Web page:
Goodness.  I am just glad that we have shifted to metric and so not have to worry about these complicated conversions.

Sunday, November 28, 2010


My cousin came by for dinner the other night.  I proudly showed her my beadwork thus far.  However, my cousin took one look and said "you're going to finish in 10 years' time"!

Sad to say, progress has indeed been slow.  This careful, painstaking work is not for everyone.  And, other projects and activities do get in the way.  But I have been plugging at it slowly.  In the past few weeks, I have reviewed the size of the shoe and decided to make it a little more generous than the pattern suggests, did a row of edging and filled in some of the beads between the edging and the existing work.  Note: this was probably the most tedious part.  So, this is where I'm at now:

Still got a long way to go, but that's ok. I take a look back at where I started and am proud of the progress made.  And, I'll be that much prouder of my accomplishment when I finally finish them off.

See how far I've come: photos on Flickr.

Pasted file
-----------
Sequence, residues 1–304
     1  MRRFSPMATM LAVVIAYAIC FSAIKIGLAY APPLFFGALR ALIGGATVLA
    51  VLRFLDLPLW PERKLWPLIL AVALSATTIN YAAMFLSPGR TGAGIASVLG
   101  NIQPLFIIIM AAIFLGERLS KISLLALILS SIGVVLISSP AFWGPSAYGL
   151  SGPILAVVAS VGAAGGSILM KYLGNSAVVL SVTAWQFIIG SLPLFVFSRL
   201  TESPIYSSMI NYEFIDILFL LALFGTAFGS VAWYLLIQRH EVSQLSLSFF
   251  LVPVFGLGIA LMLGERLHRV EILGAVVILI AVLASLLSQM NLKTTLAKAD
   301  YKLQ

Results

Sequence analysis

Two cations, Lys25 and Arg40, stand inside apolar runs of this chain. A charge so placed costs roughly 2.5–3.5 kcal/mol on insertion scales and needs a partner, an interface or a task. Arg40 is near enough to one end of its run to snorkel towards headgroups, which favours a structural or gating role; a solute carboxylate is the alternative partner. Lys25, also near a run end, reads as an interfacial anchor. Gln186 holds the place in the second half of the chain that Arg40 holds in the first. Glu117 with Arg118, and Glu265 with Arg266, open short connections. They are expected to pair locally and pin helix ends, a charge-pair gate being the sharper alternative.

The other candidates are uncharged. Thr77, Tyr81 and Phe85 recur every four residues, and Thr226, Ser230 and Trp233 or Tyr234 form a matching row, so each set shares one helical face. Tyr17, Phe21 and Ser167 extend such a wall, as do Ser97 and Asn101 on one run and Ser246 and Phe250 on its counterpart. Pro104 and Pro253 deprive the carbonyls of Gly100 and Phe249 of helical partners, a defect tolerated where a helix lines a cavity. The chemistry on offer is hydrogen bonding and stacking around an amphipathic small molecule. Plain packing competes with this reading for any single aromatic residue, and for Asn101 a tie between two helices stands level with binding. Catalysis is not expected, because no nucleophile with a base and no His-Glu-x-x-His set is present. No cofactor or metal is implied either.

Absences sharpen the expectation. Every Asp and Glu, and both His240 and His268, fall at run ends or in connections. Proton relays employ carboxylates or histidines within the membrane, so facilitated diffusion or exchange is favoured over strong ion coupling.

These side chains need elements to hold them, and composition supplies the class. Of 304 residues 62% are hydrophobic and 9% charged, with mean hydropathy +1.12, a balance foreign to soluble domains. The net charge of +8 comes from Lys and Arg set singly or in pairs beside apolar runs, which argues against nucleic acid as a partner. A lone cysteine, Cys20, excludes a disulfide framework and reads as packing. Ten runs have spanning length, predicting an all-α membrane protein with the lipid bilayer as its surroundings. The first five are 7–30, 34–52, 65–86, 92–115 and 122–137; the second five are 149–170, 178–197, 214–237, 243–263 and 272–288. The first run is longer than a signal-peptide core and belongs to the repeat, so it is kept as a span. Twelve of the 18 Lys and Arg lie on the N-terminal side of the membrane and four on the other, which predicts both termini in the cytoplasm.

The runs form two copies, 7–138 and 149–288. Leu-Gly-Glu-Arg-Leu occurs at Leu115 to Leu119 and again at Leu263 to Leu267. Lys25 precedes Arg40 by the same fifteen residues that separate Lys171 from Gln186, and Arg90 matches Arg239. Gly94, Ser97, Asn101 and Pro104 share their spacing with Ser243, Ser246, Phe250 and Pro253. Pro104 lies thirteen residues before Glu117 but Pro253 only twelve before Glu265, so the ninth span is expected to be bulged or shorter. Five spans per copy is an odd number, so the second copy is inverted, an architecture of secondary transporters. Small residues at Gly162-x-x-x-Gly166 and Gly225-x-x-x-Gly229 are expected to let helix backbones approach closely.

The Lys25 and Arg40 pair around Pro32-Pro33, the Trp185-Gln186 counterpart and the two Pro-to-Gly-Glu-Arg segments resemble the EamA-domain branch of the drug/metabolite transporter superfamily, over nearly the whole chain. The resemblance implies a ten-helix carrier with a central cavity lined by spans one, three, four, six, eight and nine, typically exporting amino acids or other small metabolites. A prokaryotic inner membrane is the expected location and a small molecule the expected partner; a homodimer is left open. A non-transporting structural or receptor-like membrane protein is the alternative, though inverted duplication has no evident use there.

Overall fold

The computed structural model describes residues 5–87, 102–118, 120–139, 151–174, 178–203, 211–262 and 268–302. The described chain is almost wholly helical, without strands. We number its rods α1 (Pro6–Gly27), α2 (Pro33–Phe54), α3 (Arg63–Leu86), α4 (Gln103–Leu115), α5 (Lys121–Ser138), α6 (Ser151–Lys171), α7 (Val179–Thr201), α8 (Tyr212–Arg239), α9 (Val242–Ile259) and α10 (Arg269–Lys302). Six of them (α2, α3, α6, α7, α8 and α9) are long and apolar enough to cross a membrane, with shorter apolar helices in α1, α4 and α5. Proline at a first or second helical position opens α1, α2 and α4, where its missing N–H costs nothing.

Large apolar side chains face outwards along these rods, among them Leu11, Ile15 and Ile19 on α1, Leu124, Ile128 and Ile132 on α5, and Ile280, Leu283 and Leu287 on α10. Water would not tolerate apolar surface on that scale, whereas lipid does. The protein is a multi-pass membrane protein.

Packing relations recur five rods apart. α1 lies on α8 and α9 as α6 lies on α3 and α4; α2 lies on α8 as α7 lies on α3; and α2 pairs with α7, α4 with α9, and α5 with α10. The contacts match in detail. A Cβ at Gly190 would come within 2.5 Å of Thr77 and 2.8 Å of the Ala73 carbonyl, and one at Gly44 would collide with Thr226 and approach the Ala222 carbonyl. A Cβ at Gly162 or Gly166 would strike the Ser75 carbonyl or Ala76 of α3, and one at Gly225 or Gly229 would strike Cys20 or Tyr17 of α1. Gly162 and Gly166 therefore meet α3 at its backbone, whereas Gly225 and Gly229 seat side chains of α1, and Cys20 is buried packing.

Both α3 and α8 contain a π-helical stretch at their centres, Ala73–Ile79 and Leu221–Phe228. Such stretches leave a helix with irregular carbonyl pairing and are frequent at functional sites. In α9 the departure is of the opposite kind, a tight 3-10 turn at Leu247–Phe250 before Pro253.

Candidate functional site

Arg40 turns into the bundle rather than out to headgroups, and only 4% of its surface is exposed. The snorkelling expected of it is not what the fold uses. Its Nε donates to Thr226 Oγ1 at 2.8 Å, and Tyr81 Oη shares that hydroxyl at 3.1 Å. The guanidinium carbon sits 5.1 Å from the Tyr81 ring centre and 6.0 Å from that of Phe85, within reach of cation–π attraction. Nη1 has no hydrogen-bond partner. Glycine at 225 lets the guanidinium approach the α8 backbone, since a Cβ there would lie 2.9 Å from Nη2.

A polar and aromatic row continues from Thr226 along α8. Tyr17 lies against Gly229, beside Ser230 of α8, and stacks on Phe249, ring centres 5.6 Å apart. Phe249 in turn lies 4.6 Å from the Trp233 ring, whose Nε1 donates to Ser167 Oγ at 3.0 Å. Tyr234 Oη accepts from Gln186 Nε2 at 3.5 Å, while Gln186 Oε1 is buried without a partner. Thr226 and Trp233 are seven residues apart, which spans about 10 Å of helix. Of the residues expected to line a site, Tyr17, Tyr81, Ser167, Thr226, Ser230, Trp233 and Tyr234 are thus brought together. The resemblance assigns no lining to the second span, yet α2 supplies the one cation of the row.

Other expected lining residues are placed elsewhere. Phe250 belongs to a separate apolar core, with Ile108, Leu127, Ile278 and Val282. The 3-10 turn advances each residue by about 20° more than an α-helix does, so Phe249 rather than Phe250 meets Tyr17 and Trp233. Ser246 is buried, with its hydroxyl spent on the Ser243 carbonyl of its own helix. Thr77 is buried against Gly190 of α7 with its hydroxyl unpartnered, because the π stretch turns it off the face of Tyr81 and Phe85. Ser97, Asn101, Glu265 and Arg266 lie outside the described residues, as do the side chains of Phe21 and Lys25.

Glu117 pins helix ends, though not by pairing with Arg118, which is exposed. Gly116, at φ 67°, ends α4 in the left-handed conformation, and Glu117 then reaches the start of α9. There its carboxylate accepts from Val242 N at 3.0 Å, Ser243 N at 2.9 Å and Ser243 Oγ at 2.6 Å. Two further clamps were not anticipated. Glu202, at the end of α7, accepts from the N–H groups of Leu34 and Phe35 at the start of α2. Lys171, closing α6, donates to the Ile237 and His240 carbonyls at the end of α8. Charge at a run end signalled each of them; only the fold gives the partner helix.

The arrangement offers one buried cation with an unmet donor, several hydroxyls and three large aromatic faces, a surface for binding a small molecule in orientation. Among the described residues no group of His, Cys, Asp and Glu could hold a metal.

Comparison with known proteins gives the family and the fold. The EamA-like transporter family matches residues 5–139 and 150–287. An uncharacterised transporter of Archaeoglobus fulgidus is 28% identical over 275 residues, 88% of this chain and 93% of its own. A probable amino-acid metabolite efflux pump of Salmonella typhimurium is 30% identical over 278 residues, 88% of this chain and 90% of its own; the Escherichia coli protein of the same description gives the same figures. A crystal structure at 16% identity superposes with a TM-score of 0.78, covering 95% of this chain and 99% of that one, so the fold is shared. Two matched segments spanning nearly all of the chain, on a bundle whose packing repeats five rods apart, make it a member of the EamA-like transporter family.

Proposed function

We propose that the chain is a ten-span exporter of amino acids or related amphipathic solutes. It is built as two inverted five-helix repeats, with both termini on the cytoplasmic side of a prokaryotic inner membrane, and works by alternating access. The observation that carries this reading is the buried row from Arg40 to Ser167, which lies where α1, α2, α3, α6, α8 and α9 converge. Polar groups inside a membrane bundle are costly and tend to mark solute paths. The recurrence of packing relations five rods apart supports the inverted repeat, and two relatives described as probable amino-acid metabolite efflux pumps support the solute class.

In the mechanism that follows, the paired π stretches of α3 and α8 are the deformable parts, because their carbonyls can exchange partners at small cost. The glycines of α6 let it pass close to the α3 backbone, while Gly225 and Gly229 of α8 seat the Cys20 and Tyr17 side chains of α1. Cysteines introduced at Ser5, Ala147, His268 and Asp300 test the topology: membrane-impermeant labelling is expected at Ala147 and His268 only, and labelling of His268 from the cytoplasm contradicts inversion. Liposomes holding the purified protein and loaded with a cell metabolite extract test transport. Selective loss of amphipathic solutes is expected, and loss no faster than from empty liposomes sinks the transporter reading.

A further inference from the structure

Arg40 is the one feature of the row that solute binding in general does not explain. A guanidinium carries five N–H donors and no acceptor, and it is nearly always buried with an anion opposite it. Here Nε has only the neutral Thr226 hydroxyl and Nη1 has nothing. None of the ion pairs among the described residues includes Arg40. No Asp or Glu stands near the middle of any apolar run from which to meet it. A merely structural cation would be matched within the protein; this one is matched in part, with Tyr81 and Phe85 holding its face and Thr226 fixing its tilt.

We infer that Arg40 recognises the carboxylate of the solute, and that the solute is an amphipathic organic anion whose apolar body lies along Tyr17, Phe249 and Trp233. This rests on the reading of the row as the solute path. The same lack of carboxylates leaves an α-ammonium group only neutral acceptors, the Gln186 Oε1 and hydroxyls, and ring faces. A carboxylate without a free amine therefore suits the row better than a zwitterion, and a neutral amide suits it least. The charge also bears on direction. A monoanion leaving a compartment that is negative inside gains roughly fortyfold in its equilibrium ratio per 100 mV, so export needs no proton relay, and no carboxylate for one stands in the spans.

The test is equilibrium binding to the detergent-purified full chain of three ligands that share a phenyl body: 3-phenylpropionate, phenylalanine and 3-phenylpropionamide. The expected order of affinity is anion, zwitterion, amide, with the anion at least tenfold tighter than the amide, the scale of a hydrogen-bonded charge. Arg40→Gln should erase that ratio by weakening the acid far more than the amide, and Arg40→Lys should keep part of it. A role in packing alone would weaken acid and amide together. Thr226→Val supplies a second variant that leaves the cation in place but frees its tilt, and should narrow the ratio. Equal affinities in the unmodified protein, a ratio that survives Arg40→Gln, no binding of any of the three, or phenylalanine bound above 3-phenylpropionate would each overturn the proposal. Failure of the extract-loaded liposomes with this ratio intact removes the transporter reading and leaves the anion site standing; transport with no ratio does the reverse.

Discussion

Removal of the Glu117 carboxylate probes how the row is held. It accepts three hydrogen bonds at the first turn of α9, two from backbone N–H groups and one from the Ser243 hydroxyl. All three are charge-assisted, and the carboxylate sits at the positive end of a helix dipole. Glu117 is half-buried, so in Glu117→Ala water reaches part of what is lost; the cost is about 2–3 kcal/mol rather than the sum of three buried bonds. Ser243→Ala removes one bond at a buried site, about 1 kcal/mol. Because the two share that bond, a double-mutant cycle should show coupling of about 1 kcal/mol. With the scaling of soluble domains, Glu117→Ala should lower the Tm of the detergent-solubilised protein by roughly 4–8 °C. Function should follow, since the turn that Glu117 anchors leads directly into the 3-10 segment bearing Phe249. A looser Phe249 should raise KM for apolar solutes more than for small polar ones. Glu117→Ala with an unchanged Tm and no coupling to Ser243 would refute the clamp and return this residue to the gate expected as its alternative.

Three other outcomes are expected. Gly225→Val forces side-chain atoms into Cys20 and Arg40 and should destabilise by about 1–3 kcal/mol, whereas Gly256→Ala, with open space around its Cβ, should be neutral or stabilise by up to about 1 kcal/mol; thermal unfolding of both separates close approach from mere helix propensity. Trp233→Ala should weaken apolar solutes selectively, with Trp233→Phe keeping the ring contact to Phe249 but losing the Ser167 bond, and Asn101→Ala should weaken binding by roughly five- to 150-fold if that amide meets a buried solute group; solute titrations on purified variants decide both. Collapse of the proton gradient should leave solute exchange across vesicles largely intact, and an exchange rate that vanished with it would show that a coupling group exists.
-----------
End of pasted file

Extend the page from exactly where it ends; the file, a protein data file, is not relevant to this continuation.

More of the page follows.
Sunday, October 10, 2010

Beading Resources On-Line

I have received a number of queries on how to start beading, where to get courses, etc.  I should repeat that I am really just a beginner too.  Nonetheless, I have done some on-line searching, and found some useful links.  I would also like to thank the various individuals who have left comments or emailed me and given tips, some of which I've included here. 

So here are some beading resources which other beginners may find useful:

i) Mini-tutorial by Craft Passion. There are four parts to this tutorial in total, so here's the link to just the first one.  This provides a good overview and introduction to how to make kasut manek.

ii) Article (from The Star Online) on Ms Khoo Lay Imm, from Penang. Ms Khoo is willing to teach people how to bead, and her email is provided in the article.